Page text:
What you do is hone the tips of the blade just like you would file your fingernails. This will round off the square ends. A good place to test the blade is on the inside of your forearm. If it sticks you, do some more honing.

 

At Nebraska Blades, we hone every #40 or #50 blade that is sharpened. That way they never get too sharp on the ends of the teeth. Do not spend too much time on them, just a few seconds each. If we wait until they are sharp, it does take more time.

 

A belt sander or a grinding wheel will work as well, but you may take far too much off and ruin the blade. NEVER do them on your Clipper Honing Machines; you may cut a low spot on your plate, and you then will have problems sharpening blades in the future.

When to Replace Sockets

Greetings from the heartland! The winter months are almost over!

Today, I will explain when it’s time to replace sockets on clipper blades. At Nebraska Blades, when a new customer calls and asks for prices, we tell them the price and that we replace all bad parts. If they agree to this, fine. If not, we tell them they should look for a different sharpener. It’s like asking for a tune-up, but not replacing bad plugs or wires; it’s going to come back and bite you.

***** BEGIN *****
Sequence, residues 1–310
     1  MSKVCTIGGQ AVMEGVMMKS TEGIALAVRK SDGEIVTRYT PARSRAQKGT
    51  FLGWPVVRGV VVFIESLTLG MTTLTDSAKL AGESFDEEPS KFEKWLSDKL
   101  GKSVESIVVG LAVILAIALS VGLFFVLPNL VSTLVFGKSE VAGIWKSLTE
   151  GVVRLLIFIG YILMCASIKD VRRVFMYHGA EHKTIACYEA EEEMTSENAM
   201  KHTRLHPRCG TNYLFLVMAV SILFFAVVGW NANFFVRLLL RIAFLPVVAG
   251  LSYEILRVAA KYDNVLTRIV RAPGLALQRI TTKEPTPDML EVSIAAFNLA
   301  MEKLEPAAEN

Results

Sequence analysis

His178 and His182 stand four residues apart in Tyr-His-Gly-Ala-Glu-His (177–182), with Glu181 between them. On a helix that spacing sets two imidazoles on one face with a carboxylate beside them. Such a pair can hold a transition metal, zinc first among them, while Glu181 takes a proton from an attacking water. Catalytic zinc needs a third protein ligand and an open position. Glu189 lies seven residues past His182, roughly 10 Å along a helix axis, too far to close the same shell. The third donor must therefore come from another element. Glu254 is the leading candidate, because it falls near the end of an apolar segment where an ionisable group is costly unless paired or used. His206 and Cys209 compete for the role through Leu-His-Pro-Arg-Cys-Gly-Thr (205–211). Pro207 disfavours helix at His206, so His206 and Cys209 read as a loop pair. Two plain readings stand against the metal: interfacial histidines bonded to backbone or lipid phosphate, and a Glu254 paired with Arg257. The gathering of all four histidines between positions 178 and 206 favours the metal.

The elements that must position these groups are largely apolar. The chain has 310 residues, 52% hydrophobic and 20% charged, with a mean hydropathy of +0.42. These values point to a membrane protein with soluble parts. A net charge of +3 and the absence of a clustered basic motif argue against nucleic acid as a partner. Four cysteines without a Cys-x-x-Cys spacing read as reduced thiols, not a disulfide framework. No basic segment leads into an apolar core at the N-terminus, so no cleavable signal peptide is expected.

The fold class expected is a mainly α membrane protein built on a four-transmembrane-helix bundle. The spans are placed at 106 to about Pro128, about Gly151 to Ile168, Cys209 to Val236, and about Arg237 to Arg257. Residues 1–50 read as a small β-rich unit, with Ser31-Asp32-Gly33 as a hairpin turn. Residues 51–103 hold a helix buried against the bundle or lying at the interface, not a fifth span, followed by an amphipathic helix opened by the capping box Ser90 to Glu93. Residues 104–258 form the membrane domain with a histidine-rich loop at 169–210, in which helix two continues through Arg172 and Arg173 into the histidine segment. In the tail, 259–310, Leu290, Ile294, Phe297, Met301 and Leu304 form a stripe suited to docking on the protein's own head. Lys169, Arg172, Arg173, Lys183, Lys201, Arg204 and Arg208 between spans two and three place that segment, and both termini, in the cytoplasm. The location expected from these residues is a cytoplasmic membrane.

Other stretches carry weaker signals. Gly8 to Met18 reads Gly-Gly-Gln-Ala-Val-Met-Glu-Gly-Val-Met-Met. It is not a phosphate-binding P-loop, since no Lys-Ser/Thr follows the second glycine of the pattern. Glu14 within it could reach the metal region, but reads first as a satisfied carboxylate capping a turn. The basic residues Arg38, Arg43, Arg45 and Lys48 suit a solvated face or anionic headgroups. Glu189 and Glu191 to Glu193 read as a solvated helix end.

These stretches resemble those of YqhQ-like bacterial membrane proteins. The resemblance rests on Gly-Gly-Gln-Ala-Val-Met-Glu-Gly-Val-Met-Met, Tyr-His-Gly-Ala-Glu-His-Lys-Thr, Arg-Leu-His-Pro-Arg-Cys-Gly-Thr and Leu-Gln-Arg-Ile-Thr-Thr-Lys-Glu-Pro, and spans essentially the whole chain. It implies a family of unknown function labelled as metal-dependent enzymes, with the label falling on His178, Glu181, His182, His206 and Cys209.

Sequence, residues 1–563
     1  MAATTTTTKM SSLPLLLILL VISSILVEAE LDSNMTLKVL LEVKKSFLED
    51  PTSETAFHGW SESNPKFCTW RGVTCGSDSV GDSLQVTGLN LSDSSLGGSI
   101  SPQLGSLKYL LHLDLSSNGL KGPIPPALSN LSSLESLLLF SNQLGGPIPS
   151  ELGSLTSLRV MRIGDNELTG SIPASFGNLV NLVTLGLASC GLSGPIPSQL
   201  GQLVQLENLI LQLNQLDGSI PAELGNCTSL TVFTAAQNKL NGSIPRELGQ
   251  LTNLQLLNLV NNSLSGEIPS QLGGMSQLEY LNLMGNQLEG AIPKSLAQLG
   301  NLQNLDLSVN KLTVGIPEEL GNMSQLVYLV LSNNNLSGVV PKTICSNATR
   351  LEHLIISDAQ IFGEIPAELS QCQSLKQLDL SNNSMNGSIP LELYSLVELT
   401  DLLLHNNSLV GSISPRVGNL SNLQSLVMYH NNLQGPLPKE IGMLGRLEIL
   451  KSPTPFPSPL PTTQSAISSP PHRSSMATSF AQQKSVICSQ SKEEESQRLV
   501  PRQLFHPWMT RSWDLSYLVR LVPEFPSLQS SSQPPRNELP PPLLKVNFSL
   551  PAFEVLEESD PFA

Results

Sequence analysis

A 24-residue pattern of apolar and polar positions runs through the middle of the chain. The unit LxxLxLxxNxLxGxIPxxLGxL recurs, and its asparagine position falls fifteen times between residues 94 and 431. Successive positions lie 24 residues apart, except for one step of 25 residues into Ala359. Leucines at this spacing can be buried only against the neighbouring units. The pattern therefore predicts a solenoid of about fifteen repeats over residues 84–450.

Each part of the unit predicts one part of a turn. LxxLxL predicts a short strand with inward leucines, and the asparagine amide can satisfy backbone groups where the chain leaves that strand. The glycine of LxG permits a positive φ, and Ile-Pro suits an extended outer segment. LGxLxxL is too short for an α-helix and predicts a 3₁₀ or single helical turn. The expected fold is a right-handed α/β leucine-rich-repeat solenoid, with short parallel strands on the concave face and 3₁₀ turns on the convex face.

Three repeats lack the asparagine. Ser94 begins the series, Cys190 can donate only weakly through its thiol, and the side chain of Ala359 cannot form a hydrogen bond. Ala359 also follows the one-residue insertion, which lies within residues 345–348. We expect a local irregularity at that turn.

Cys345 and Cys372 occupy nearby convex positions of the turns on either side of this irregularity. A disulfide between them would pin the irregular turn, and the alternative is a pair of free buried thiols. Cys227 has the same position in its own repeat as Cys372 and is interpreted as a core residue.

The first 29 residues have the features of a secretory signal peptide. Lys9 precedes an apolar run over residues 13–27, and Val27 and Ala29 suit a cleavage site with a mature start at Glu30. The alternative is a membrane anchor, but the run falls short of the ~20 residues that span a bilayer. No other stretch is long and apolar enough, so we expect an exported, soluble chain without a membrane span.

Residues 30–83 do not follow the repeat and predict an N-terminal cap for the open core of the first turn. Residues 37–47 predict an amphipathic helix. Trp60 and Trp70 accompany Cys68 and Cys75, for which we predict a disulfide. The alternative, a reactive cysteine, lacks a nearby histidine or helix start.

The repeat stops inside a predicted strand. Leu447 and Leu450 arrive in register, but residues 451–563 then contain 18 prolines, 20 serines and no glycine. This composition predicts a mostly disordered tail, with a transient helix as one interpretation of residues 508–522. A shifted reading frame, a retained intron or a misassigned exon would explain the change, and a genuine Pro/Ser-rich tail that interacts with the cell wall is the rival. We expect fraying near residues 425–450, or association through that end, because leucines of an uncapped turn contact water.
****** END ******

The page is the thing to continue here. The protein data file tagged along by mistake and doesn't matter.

The first thing to look at is the ears of the socket; they may be missing or bent. If they are missing, replace the socket. If they’re bent, use Nebraska Blades Socket Setter to repair them. The setter will bend them back without over bending, plus square them again. For some new customers, we have replaced as many as 50 percent of their sockets. After the first time, we rarely have to replace them again. We find that 100 percent of blades come for sharpening need to be bent in, which is a quick job with the socket setter.